Some 30 months after the removal of Saddam Hussein, an unspoken consensus is emerging about Iraq. The Howard Dean/Michael Moore/Cindy Sheehan fringe of the Democratic party so far has made almost no inroads into mainstream party thinking. Perhaps this new Copperhead movement to find political resonance has failed because most Democratic stalwarts — senators Kerry, Clinton, and Biden — themselves voted to remove Saddam. And these erstwhile supporters of the war can offer nothing much different on Iraq now except to harangue about the need for more allies or more multilateral/U.N. help.
True, most Americans are tired of Iraq; but they wish to win rather than withdraw immediately and lose the country to the terrorists. The odd thing is that the more the rhetoric heats up, the more both sides sound about the same.
The ostensible military advantage of having a larger U.S. troop presence to pacify Sunni hotspots was always outweighed by a number of other, though less immediately apparent, disadvantages.
The key to stabilizing Iraq has been to promote the autonomy of Iraqi security forces — impossible if they are ensured that 300,000 or so American combat troops will do their fighting for them. And in this type of socio-cultural war, a smaller foreign footprint is critical, since the last thing we wish is an enormous ostentatious American military bureaucracy in Baghdad.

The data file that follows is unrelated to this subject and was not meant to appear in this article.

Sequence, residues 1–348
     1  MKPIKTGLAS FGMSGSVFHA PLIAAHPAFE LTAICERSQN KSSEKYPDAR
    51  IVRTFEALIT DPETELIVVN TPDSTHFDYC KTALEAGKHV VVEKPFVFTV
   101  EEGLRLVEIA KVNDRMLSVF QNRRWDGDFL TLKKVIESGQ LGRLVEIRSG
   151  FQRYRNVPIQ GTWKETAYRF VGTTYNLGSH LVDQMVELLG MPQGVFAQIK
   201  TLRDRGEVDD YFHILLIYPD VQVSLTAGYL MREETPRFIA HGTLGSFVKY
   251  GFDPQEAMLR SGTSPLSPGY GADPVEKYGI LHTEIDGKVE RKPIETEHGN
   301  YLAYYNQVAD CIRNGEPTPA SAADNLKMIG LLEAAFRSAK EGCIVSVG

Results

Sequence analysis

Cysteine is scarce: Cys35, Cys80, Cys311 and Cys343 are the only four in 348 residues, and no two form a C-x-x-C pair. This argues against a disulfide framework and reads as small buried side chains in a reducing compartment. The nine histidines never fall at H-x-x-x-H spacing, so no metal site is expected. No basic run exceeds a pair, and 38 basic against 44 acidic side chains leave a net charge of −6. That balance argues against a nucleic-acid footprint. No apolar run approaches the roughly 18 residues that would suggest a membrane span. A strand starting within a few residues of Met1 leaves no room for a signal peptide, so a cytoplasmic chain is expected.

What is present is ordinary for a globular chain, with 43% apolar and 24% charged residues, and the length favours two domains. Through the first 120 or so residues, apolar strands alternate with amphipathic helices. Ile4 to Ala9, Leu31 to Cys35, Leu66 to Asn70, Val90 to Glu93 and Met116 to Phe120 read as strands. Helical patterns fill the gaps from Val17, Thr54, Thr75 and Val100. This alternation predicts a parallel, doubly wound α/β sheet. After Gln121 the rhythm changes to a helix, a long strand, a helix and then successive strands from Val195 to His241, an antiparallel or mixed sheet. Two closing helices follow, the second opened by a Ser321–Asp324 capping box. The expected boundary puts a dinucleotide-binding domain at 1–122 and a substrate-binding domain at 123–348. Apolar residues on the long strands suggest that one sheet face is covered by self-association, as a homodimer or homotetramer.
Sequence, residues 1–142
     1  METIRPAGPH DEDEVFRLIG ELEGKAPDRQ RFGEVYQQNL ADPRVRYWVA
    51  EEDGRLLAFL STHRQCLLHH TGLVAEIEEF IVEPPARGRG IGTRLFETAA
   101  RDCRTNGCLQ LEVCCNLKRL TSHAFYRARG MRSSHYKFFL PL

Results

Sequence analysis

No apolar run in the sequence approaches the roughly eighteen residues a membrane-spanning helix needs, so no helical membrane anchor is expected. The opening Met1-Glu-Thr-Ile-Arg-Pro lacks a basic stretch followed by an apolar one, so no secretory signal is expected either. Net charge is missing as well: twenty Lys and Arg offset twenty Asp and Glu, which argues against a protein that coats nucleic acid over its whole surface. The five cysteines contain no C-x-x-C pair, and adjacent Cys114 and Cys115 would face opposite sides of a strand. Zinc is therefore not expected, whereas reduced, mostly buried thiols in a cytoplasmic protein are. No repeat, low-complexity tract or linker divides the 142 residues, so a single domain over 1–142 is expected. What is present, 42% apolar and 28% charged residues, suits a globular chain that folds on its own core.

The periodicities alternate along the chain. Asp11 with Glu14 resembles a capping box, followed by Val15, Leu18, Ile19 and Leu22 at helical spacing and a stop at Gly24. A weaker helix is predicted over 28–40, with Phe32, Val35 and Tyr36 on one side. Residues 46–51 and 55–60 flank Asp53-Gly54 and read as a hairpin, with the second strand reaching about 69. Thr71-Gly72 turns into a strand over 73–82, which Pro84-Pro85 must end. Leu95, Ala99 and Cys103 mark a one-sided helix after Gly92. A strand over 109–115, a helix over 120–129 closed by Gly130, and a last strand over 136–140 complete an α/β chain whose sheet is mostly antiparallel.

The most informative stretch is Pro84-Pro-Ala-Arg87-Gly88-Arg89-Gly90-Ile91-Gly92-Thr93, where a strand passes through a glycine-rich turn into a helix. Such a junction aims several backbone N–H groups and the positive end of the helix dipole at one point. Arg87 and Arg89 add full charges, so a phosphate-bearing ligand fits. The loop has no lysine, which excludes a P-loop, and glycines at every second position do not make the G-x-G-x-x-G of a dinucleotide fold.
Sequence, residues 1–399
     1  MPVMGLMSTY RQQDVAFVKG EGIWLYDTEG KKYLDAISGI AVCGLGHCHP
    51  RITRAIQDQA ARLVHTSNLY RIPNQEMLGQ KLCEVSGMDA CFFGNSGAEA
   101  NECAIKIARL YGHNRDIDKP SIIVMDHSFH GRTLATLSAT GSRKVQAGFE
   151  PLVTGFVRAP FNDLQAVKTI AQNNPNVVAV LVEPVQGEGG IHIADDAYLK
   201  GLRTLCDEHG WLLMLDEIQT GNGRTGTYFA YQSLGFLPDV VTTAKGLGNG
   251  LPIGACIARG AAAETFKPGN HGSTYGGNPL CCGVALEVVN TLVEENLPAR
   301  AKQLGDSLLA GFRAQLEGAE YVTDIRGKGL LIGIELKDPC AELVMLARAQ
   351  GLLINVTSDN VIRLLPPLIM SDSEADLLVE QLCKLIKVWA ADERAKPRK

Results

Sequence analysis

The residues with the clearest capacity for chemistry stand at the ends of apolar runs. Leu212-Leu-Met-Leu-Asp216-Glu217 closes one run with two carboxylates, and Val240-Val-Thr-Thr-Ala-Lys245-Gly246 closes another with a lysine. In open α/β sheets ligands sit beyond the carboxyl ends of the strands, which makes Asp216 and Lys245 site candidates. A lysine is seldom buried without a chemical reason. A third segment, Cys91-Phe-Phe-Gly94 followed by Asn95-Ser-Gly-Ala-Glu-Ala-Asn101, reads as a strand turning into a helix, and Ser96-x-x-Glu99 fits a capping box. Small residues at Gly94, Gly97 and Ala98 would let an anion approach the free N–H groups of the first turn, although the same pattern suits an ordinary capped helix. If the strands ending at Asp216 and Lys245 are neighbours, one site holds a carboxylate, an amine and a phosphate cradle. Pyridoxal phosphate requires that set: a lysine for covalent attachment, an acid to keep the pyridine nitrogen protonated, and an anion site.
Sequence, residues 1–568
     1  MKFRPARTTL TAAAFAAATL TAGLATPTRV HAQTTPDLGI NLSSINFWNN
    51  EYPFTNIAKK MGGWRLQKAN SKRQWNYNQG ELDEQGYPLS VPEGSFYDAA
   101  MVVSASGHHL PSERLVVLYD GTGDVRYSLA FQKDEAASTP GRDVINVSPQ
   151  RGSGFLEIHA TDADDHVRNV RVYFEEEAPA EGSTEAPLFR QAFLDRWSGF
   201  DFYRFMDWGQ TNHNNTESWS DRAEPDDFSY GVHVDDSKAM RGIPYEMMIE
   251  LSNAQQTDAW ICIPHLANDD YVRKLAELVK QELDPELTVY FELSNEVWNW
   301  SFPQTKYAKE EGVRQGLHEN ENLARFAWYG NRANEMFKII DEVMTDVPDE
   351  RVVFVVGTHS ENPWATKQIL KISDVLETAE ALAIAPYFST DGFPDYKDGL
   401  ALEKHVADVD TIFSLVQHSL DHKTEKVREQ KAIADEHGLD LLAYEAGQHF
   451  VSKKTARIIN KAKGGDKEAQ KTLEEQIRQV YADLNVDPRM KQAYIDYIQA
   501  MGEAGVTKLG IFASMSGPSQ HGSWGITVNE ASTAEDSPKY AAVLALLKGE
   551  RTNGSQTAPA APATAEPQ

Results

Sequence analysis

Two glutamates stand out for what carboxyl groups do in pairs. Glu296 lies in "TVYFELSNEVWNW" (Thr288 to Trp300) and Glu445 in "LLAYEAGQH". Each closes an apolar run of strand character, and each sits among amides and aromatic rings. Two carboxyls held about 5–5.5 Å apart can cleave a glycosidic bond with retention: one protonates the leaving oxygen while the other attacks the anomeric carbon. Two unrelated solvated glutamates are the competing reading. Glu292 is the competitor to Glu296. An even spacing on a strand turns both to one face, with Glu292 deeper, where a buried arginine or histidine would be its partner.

The shortcoming was never the number of U.S troops per se, but our self-imposed straightjacket on rules of engagement that apparently discouraged the vital sorts of offensive operations that we have at last seen the last two months.
The lesson of Vietnam is that the south was more secure in 1973 without almost any American ground troops than with over 500,000 present in 1968. Promises of air power to support ARVN forces between 1971-3 proved about as viable as thousands of prior search-and-destroy patrols by American soldiers. It also never made sense to tie down nearly half of available American combat manpower in Iraq, at a time when vigilance was necessary in Korea, near China, and in other spots in the Middle East.